NEW YORK (Reuters) - The dollar firmed against major currencies for a third straight day on Friday, as investors took shelter in the U.S. currency amid worsening economic fallout from the coronavirus outbreak.
“As we see poor data coming in from Europe, UK, Italy, if you’re trying to be rushing anywhere, it would be U.S. Treasuries and the U.S. dollar as a safe haven,” said John Doyle, vice president of dealing and trading at Tempus Inc in Washington.
The dollar largely shrugged off the U.S. non-farm payrolls report that showed massive job losses of 701,000 last month, compared with expectations of 100,000 lost jobs.
March’s contraction abruptly ended a historic 113 straight months of employment growth. The Labor Department also revised February’s number upward to 275,000 job gains. The unemployment rate rose to 4.4% from 3.5% the previous month.
“The plunge in non-farm payrolls in March, which is already close to the worst monthly declines during the global financial crisis, suggests the coronavirus pandemic started to decimate the economy even sooner than we thought,” said Andrew Hunter, senior U.S. economist at Capital Economics.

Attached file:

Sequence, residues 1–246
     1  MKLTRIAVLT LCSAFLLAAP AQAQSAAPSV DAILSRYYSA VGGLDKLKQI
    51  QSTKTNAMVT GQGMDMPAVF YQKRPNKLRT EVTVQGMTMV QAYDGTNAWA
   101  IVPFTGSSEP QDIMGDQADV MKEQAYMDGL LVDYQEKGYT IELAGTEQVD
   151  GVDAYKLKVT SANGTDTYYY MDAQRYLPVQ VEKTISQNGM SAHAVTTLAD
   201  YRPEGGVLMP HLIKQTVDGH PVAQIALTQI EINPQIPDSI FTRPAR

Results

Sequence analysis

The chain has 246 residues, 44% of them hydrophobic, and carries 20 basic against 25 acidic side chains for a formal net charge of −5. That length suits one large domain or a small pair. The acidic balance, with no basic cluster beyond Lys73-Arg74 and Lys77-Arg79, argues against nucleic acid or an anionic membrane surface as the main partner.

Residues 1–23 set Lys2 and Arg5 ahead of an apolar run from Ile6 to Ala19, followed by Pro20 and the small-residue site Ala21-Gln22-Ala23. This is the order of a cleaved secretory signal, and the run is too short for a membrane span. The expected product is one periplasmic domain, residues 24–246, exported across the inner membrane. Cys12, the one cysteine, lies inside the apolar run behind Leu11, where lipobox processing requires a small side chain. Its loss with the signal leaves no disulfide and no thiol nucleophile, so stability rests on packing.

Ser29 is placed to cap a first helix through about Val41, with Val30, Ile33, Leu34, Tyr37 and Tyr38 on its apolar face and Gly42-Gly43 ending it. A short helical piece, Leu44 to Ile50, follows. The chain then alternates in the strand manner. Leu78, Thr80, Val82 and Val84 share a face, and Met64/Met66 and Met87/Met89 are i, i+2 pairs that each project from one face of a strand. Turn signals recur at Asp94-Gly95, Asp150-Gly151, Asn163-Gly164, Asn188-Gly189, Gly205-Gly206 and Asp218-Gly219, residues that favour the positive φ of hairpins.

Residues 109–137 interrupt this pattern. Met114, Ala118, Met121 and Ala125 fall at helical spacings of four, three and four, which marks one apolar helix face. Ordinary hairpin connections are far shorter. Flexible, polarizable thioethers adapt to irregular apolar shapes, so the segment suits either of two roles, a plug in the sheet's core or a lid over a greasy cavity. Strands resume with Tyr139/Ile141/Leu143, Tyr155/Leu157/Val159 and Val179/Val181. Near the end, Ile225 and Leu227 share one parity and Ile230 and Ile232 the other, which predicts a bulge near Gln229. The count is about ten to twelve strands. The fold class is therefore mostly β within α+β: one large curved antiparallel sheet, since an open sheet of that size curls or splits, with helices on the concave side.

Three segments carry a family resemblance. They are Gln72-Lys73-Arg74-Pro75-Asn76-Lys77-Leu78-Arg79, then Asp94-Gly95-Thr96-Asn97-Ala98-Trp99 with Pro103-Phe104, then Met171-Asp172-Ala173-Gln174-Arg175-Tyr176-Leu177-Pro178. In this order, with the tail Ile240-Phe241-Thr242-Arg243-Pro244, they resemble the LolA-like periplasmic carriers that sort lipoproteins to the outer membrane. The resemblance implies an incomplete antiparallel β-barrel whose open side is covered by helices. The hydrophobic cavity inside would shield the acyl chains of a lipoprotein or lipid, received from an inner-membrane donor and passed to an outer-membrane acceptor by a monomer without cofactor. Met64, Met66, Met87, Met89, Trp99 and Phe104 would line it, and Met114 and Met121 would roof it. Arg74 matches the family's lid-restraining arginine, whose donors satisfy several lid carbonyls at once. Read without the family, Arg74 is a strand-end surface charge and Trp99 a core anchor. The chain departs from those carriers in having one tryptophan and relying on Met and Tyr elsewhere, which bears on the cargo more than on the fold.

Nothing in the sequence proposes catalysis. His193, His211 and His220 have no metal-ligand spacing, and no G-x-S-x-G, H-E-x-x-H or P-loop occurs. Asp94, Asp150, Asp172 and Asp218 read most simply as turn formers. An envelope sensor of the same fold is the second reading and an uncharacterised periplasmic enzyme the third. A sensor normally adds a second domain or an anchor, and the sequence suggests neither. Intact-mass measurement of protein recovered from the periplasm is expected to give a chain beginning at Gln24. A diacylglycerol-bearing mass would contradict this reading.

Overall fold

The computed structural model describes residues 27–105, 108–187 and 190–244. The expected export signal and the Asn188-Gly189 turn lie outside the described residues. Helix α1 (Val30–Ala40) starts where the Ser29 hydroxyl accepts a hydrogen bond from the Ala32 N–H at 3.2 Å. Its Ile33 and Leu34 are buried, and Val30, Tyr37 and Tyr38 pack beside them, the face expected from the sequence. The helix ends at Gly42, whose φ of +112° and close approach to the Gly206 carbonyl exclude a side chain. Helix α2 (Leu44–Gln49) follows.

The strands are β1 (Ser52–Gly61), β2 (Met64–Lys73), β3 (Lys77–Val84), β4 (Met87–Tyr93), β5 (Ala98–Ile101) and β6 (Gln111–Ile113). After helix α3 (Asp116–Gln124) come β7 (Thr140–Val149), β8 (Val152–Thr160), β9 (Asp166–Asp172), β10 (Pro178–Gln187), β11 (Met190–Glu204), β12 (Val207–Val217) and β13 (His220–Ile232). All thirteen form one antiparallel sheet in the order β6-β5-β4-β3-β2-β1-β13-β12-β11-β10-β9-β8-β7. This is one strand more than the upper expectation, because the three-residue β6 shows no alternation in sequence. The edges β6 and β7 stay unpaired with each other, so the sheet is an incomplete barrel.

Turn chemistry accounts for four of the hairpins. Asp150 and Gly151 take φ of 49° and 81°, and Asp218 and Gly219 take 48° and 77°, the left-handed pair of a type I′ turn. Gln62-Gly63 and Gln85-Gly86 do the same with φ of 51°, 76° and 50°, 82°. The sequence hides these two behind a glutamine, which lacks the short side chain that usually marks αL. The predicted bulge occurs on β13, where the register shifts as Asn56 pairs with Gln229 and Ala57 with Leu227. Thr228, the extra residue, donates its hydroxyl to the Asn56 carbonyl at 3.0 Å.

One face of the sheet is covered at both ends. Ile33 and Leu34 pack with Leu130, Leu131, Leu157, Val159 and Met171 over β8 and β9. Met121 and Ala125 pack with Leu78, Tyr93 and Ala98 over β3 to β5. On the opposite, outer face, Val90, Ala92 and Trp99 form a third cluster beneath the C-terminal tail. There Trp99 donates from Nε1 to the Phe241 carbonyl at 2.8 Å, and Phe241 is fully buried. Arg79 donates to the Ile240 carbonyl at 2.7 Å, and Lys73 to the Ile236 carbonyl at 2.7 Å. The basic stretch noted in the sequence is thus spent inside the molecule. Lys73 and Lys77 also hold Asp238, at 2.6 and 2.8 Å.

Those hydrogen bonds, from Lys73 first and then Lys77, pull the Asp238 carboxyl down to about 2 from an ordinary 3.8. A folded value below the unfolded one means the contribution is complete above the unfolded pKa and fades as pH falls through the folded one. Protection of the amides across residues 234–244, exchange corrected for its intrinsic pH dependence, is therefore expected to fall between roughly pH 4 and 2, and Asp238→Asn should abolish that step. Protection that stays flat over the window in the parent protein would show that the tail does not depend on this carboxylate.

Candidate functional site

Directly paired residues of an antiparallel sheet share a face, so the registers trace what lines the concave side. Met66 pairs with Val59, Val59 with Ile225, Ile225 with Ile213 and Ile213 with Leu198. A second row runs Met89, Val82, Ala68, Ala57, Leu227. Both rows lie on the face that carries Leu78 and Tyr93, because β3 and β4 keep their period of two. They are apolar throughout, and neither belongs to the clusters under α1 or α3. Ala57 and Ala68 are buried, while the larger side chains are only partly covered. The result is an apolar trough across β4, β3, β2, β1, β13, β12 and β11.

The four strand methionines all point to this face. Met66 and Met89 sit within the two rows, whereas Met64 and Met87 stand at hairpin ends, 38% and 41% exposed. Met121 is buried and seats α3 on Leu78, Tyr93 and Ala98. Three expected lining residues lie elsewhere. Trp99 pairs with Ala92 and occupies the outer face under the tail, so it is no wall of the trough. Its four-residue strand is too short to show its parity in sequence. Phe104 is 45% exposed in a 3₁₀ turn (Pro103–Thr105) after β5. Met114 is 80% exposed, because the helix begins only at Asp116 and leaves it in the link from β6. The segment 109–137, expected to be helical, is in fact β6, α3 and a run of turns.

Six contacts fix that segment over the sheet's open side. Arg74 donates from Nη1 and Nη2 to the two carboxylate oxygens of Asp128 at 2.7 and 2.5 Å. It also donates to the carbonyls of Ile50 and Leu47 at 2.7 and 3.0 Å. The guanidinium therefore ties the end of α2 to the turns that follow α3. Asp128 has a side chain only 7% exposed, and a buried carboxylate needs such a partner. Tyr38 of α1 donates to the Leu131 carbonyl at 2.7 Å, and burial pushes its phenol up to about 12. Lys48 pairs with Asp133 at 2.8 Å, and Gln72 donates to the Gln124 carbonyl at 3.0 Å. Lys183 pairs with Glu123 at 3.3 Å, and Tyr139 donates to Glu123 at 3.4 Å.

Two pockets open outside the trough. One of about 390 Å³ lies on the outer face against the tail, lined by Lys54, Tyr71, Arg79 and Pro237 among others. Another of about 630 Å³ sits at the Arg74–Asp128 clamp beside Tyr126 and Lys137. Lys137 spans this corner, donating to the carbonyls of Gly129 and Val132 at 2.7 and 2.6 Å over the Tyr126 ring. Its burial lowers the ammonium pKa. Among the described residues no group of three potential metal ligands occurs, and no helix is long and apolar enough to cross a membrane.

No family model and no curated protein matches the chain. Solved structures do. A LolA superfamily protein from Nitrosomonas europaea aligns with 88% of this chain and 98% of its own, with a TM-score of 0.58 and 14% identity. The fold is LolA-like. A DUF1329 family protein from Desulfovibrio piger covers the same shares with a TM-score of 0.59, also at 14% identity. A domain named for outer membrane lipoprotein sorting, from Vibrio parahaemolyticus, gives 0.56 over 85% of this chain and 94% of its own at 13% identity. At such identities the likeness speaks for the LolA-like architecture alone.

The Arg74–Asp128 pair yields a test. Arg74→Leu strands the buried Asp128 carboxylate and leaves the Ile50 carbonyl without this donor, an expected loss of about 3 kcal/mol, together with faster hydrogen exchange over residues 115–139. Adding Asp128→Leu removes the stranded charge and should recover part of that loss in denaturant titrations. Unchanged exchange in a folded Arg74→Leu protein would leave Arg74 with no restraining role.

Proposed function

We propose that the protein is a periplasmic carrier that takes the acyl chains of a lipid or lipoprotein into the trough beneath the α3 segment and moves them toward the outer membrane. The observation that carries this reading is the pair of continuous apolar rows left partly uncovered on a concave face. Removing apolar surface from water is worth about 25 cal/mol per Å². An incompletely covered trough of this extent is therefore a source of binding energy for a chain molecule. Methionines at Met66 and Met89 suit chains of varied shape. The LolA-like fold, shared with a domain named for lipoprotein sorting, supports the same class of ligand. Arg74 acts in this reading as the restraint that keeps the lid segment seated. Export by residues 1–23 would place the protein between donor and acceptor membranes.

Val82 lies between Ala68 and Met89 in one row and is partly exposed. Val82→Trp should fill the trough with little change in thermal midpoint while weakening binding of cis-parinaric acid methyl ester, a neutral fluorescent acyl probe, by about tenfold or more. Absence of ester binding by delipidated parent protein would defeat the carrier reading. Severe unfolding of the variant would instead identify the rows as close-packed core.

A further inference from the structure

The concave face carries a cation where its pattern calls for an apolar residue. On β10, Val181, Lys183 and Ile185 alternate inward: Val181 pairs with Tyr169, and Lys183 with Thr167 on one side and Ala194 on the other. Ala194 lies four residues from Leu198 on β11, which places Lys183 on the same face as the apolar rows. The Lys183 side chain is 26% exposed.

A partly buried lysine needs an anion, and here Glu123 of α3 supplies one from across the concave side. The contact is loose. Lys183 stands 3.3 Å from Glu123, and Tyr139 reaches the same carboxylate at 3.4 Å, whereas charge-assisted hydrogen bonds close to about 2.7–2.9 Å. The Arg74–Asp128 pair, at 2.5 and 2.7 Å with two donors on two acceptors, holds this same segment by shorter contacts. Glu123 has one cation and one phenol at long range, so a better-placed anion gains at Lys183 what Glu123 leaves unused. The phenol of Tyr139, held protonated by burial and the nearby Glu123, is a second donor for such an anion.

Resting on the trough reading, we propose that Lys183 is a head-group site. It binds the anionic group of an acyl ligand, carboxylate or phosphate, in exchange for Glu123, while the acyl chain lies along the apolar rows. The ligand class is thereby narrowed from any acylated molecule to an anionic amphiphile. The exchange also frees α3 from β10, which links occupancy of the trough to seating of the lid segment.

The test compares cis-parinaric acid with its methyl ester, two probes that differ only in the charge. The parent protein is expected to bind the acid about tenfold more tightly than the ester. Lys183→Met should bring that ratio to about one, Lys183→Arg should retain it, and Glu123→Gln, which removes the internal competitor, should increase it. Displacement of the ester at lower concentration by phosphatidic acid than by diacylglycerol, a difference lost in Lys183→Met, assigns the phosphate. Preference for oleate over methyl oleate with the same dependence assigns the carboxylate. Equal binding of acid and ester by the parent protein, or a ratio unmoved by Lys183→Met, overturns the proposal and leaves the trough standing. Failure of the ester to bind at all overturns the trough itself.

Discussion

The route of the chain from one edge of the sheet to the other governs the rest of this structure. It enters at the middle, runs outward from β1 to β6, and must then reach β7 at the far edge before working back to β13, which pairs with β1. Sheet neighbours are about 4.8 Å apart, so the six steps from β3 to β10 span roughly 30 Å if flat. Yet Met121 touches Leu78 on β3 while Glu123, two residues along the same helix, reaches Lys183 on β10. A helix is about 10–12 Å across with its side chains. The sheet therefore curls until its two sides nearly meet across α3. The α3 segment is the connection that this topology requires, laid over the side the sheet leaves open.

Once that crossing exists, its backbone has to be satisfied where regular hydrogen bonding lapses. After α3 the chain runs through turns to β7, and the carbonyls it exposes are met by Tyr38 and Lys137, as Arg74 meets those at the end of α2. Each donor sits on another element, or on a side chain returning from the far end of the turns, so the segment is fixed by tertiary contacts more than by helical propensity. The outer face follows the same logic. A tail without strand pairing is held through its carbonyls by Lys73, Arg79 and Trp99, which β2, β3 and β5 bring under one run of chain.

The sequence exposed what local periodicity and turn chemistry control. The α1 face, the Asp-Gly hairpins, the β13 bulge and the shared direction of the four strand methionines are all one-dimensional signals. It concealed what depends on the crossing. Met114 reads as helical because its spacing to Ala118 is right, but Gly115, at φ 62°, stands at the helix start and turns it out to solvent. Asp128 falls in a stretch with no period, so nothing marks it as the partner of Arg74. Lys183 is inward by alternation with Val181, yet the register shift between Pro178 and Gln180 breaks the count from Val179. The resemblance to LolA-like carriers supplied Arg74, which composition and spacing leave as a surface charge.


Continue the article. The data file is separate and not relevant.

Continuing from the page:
The non-farm payrolls report followed Thursday’s data showing initial claims for U.S. unemployment benefits rose to 6.65 million in the latest week from an unrevised 3.3 million the previous week.
In afternoon trading, the U.S. dollar index was up 0.4% at 100.61. The index posted a 2.3% gain on the week, having whipsawed last month from highs on a scramble for cash before slumping as the U.S. Federal Reserve flooded the market with liquidity.
The euro was down 0.4% against the dollar at $1.0810 , on pace for a 2.9% weekly loss.
Indecision among euro zone governments about a rescue package for the region’s hobbled economies has weakened the euro in recent days.
The Japanese yen, Swiss franc, sterling, as well asthe Australian and New Zealand dollars all lost ground as the dollar strengthened across the board..
The dollar was last up 0.5% at 108.42 yen.
As lockdowns continue, the economic impact of the epidemic is becoming more marked, with purchasing managers’ indexes across the euro zone and Britain on Friday showing a slump in business activity.
“The complication is that while all the things that the governments have done are very positive, they’re like extra welfare payments and they can’t do anything more than that,” said Adrian Lee, president and chief investment officer at active currency manager Adrian Lee & Partners.
“When we do come out of lockdowns, everybody will be desynchronized. China comes out first, then Italy comes out. But the world is so interconnected. It’s not great when you can work in the U.S., but you can’t visit London.”
Reporting by Gertrude Chavez-Dreyfuss; Additional reporting by Iain Withers in London; Editing by Nick Zieminski, Dan Grebler and Jonathan Oatis